AC Milan’s Moroccan problem

AC Milan, who wants to build an academy in occupied Western Sahara, is not alone in legitimizing Morocco’s occupation.

Dakhla Refugee Camp-Awsaard Refugee Camp. Image credit Evan Schneider via UN Photo Flickr.

Former AC Milan star George Weah’s inauguration as President of Liberia represents a positive association for the club. Weah played there when he won his FIFA Player of the Year award in 1995. The same can’t be said for its involvement in Morocco, where the Italian football club is helping to normalize a decades-long occupation.

In early December 2017, AC Milan announced that “passion for football and for AC Milan has now reached the sand dunes of the Sahara desert” with the launch of a new football academy. According to a club press release, the academy is based in the city of “Laayoune, in Morocco.” But the statement from the club makes no mention of the fact that Laayoune is actually the largest city in Western Sahara, a territory that has been occupied by Morocco for decades.

Previously a Spanish colony, the majority of Western Sahara has been controlled by Morocco since a bitter war with the Polisario Front, the resistance movement of the indigenous Saharawi population, ended in a 1991 ceasefire. Saharawi control the rest of the territory in the form of the Saharawi Arab Democratic Republic (SADR). With the support of powerful allies such as France and the United States, Morocco has been able to successfully ignore a 1975 International Court of Justice (ICJ) opinion that denied its claim to sovereignty over the territory and prevent the holding of a long-promised referendum on self-determination. The issue attracts little international attention, and the move by AC Milan is another sign of how the status quo has become increasingly entrenched.

By opening an academy in Laayoune, and explicitly referring to it as part of Morocco, AC Milan is helping to whitewash the Moroccan occupation. The press release notes that the project was “strongly welcomed” by Laayoune’s mayor Hamdi Ould Errachid, ostensibly due to its contribution to his goal of encouraging participation in sports, particularly football. But more importantly, this is a propaganda victory for Morocco, which will no doubt be delighted at having one of world’s most well-known football clubs set up an academy in the city, lending an air of legitimacy and normality to the occupation.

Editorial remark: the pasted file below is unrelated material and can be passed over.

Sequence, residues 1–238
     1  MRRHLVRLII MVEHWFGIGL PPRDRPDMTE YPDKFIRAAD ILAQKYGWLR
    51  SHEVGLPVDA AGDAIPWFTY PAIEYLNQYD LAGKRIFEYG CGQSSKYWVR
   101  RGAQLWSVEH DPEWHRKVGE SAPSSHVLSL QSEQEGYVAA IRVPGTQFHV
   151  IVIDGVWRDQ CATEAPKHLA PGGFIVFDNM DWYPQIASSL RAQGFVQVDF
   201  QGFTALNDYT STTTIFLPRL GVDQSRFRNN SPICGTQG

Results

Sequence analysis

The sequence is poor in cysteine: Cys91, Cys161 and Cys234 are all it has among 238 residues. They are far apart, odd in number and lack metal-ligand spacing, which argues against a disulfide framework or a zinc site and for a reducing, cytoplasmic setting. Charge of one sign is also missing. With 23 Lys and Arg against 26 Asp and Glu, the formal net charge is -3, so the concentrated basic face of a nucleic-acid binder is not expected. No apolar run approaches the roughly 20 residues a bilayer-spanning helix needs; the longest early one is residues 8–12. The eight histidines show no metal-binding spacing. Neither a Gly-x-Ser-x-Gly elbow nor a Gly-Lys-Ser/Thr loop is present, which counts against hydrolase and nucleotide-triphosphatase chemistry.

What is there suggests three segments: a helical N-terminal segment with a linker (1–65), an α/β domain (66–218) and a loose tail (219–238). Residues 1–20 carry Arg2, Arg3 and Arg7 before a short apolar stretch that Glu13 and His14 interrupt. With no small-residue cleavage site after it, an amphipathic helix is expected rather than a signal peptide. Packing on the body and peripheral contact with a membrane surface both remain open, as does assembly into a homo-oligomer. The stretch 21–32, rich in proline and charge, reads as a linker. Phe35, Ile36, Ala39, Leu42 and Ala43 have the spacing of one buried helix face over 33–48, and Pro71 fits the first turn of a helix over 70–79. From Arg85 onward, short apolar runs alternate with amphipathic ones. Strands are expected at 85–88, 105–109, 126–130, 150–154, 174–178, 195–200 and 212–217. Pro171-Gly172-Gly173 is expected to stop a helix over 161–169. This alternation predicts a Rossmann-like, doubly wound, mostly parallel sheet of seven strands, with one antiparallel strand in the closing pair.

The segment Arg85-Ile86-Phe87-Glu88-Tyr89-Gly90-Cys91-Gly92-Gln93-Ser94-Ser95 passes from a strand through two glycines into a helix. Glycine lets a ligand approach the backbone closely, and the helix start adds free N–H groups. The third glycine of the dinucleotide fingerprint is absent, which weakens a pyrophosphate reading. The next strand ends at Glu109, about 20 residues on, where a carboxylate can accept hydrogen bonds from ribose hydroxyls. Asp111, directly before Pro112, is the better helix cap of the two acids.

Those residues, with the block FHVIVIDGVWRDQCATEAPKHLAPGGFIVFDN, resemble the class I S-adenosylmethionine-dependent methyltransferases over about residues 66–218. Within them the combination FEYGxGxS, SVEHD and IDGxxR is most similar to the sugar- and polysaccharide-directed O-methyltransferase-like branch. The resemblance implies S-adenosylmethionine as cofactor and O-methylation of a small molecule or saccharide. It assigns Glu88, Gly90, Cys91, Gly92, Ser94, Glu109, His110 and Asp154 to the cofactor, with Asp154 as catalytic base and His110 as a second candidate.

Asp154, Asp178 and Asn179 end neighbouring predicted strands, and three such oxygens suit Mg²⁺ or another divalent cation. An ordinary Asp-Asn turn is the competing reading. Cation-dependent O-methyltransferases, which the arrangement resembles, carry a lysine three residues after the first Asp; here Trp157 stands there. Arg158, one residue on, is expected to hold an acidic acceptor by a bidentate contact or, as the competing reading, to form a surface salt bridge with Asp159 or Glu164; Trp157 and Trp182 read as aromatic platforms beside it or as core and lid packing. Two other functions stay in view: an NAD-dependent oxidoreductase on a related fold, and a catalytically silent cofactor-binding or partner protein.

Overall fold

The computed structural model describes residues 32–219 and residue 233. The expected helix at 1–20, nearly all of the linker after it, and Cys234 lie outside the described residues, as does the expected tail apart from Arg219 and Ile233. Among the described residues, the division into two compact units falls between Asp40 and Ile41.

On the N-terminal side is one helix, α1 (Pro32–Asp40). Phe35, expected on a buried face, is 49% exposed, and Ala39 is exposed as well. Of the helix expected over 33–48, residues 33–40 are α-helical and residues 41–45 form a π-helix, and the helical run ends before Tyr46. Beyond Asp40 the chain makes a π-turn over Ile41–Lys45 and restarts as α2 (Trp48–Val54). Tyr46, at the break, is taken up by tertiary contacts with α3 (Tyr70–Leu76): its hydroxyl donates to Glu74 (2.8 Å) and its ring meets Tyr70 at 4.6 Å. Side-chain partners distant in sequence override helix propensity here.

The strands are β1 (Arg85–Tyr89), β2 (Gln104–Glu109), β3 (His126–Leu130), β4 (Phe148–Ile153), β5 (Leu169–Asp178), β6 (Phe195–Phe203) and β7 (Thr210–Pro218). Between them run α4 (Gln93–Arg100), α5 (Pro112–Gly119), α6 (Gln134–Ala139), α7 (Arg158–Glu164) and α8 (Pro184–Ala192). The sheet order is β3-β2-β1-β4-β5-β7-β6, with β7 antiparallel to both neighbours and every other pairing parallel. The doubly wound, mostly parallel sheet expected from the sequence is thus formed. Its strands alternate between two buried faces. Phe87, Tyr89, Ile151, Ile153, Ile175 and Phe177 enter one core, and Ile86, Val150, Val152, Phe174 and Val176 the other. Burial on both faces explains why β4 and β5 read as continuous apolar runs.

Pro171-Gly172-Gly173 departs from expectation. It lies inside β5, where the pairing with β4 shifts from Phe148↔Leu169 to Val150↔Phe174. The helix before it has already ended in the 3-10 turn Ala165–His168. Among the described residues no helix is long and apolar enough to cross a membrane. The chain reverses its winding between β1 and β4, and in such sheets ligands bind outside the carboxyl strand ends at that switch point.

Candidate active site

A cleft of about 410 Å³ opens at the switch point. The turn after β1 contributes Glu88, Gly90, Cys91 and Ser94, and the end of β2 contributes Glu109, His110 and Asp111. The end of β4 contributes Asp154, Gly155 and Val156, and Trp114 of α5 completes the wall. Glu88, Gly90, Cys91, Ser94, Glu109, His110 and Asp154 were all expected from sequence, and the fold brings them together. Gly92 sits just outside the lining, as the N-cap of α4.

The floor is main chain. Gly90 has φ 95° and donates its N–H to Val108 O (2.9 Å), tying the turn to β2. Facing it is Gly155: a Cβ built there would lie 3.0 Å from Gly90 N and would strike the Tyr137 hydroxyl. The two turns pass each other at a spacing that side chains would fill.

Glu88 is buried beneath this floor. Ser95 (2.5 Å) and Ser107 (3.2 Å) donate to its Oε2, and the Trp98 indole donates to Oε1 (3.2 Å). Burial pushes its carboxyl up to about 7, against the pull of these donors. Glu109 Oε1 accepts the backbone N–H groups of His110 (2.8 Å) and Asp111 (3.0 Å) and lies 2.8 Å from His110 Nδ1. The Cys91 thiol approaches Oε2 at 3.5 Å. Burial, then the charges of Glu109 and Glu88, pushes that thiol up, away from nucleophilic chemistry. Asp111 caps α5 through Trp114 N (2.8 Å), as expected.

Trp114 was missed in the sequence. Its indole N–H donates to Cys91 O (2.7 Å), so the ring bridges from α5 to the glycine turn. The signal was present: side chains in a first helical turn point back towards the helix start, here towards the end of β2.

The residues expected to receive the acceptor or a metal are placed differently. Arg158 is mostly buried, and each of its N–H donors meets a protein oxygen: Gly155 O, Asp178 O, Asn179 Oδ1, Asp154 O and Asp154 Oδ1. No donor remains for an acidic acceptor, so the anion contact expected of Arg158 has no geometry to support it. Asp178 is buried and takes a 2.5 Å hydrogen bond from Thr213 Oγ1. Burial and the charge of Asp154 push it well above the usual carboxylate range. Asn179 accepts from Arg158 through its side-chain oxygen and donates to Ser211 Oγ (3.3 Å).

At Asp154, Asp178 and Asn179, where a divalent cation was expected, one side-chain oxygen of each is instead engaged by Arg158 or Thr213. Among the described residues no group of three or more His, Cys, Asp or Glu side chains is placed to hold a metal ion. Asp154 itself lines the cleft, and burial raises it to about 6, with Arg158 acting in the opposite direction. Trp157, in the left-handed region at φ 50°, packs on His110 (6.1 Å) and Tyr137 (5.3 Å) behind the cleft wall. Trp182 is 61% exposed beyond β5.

AC Milan is not alone, among footballers or institutions, in legitimizing Morocco’s occupation. Diego Maradona, arguably the greatest footballer ever, is among a group of former stars that have been willing apologists for the occupation. Maradona and others including Egypt’s Mohamed Aboutrika (who has publicly called out Israel’s occupation of Palestinian land), Brazil’s Rivaldo, Ghana’s Abedi Pele, and Liberia’s Weah took part in a gala match in Laayoune in late 2016 (as well a similar match in 2015) to mark the anniversary of the so-called “Green March,” in which hundreds of thousands of Moroccans crossed into Western Sahara in 1975. The event, an occasion to celebrate for Moroccans, is for the Saharawi a painful reminder of the invasion and partial occupation of their homeland, which led to forced exile for many and the ongoing stalemate in the struggle for control of the territory.

Mohamed Mayara, a Saharawi journalist and human rights activist based in the occupied territories, expressed frustration at the move by AC Milan and the wording of its press release, noting that it contradicts international law regarding the status of Western Sahara. In addition to the ICJ opinion, Mayara also highlighted the 2002 opinion of Hans Corell, the United Nations Legal Counsel, reiterating the status of Western Sahara as a non-self-governing territory requiring self-determination, and the European Court of Justice ruling in 2016 that Western Sahara is not part of Morocco.

The launch of the academy also comes in the wake of Morocco’s decision to join the contest to host the 2026 FIFA World Cup, where it will be competing against the joint bid of Canada, Mexico, and the United States. The high-profile bid, and indeed hosting the tournament itself should Morocco be successful, offers a significant opportunity for Morocco to polish its international image. But attracting the world’s attention could also make Morocco vulnerable, providing Saharawi activists and their international supporters with the chance to highlight Moroccan human rights abuses and the ongoing denial of the Saharawi people’s right to self-determination.

Under the three-year agreement with the city of Laayoune, the AC Milan academy will provide youth from “Laayoune and…the surrounding cities” the opportunity to train with experienced coaches. Having an academy run by such a successful football club will no doubt be highly beneficial to young footballers in the area. According to Mayara, around 90 percent of the players at the academy are Moroccan, while the rest are Saharawi. Although Saharawis in Laayoune are not prevented from joining, it is impossible for Saharawis living in the SADR-controlled part of Western Sahara to do so due to the Moroccan-constructed wall that divides the territory. Furthermore, the participation of individual Saharawi in the academy does nothing to change its broader significance as a win for Morocco in the struggle for control of Western Sahara.

AC Milan could simply have opened an academy somewhere in Morocco’s internationally recognized sovereign territory. Instead it has let itself become a willing part of Morocco’s propaganda machine.

The club did not respond to a request for comment.

About the Author

Aubrey Bloomfield is a freelance writer based in Melbourne, Australia. His work has been published in Al Jazeera, Guardian Australia, the Oxford Research Encyclopaedia of African History, and the Journal of Palestine Studies, among others.

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